9. Lorries registered from 1 January 2010 and used for carrying workers on the carriage deck must be fitted with higher protective side railings – up to a height of at least 700 mm (up from 550 mm) from the carriage deck, and at least 300 mm (up from 150 mm) from the top of the side-boards. To effectively shelter workers from inclement weather, lorries will also need to be fitted with canopies if they are to carry passengers on the carriage deck.

  10. From 1 September 2012
  11. Minimum deck space required per seated worker will be doubled to 8 square feet from the current 4 square feet from 1 September 2012. This will reduce the number of workers that can be transported on lorries as compared to what is stipulated today, and will lower the risk exposure in the event of an accident. The lead time of three years will also allow businesses to phase in operational changes and make decisions on their existing assets.
Measures for existing lorries
  1. For existing lorries, owners will be given a lead time of three years (i.e. up to 31 August 2012) to install the higher protective side railings and canopies, if they are to continue to be used to transport workers.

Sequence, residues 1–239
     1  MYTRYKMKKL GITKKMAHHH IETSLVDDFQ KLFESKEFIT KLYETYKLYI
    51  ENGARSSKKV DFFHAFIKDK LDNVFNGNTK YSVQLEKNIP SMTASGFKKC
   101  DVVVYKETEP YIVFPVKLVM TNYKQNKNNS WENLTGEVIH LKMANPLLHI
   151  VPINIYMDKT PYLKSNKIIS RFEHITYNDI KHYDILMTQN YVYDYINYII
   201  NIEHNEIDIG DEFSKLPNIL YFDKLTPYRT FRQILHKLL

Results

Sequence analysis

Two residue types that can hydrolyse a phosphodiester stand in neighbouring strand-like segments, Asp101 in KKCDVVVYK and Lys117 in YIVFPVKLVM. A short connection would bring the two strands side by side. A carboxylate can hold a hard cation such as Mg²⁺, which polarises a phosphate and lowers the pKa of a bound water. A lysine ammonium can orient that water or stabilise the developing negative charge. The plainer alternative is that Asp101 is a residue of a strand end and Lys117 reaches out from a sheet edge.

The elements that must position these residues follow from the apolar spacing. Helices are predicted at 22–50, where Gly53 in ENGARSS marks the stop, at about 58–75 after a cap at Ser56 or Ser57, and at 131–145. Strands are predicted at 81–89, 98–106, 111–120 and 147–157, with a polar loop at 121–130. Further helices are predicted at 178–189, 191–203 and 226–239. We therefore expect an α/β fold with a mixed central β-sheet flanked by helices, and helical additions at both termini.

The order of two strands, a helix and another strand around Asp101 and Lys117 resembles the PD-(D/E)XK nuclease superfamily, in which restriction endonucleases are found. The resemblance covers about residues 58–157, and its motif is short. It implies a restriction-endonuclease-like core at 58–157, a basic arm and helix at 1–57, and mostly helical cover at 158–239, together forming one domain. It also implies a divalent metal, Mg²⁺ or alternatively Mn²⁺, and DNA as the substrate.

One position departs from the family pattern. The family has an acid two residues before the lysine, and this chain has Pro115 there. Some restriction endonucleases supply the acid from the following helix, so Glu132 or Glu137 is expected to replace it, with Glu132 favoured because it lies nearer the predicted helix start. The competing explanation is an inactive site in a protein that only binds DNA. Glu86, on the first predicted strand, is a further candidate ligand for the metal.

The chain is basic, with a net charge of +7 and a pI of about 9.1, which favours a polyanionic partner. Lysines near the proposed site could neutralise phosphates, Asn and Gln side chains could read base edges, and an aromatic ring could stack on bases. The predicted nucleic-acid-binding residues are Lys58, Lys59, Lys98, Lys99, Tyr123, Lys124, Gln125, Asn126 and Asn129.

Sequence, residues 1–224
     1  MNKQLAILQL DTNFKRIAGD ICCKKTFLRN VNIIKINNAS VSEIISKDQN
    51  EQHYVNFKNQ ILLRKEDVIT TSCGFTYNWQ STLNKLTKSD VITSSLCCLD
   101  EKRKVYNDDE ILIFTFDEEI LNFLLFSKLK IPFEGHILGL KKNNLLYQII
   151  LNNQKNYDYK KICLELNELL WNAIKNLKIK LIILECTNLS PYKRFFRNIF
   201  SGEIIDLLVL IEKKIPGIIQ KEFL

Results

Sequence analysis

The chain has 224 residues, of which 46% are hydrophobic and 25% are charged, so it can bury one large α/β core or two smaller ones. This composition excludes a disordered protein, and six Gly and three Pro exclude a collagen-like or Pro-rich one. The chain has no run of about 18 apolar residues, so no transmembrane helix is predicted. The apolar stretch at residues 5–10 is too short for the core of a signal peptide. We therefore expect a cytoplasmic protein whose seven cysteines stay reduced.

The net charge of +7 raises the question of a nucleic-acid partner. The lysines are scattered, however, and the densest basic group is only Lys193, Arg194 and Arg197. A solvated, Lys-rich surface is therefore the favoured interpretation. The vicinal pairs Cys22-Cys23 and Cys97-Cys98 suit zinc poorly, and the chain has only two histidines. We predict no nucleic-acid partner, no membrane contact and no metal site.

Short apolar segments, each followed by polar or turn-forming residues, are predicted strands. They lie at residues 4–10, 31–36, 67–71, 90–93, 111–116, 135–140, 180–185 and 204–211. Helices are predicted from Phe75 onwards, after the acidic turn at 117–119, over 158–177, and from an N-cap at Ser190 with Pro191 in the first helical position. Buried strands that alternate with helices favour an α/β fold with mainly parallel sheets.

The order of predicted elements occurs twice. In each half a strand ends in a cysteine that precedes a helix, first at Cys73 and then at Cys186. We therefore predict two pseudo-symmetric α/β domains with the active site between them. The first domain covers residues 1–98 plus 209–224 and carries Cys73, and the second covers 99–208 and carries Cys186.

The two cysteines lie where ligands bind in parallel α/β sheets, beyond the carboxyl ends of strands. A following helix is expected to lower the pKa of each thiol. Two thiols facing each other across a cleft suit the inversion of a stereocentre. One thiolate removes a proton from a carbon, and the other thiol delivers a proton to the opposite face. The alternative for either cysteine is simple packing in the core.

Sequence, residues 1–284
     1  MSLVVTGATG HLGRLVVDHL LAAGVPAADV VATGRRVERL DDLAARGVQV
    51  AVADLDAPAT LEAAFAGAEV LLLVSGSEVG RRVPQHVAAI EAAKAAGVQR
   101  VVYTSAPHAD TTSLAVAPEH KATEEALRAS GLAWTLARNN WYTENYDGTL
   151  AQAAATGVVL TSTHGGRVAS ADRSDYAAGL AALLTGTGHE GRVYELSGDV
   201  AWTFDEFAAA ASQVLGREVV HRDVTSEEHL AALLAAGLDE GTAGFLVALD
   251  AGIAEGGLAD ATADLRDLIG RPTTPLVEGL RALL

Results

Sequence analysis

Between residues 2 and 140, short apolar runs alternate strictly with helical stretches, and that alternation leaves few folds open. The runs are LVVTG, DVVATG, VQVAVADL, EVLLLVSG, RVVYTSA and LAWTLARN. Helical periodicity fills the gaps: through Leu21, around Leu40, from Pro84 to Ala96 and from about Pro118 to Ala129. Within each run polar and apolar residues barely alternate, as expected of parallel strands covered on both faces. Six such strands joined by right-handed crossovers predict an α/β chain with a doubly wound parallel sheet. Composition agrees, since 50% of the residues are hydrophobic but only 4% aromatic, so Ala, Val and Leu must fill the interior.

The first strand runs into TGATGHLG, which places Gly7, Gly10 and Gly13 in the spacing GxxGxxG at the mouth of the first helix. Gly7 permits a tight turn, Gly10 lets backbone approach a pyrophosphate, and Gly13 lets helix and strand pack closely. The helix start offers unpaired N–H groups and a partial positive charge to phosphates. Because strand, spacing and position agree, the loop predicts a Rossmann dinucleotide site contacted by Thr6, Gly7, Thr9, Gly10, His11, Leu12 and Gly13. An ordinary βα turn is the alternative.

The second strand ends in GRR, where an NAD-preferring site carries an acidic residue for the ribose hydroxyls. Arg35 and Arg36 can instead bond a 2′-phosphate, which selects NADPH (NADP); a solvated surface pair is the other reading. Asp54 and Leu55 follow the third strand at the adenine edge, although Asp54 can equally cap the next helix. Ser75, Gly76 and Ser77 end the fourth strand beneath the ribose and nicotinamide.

2. For more details of the new measures, please see Safety of Workers - ANNEX B
  3. In addition, current safety regulations as follows will continue to apply:
    1. Vehicle must not travel faster than the posted road speed limit or the vehicle speed limit of 60 km/h, whichever is lower
    2. Maximum Passenger Capacity (MPC) label must be displayed on the lorry. Owners who wish to use their lorries to carry their workers must display a Maximum Passenger Capacity (MPC) label on the right side of the rear tailboard indicating the maximum number of workers that can be transported.
    3. Goods transported must be properly secured
      If goods are also transported, they must be properly secured such that they will not endanger the workers carried or other road users 3 .

Note: 3) Open lorries with a maximum laden weight not exceeding 3,500 kg which are only used to transport goods (i.e. not used to transport workers) will still be required to have side protective railings along the sideboards of the rear carriage deck to prevent goods from falling off the carriage deck).